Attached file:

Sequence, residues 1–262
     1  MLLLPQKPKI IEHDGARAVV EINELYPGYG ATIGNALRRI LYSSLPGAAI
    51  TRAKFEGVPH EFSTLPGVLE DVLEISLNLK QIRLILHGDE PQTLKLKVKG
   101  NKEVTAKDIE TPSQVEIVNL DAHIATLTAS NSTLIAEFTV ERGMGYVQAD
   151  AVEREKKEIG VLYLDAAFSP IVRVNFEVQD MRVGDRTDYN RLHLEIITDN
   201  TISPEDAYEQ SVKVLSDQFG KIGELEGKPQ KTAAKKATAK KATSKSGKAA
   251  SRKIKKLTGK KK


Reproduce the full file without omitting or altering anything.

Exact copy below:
Sequence, residues 1–262
     1  MLLLPQKPKI IEHDGARAVV EINELYPGYG ATIGNALRRI LYSSLPGAAI
    51  TRAKFEGVPH EFSTLPGVLE DVLEISLNLK QIRLILHGDE PQTLKLKVKG
   101  NKEVTAKDIE TPSQVEIVNL DAHIATLTAS NSTLIAEFTV ERGMGYVQAD
   151  AVEREKKEIG VLYLDAAFSP IVRVNFEVQD MRVGDRTDYN RLHLEIITDN
   201  TISPEDAYEQ SVKVLSDQFG KIGELEGKPQ KTAAKKATAK KATSKSGKAA
   251  SRKIKKLTGK KK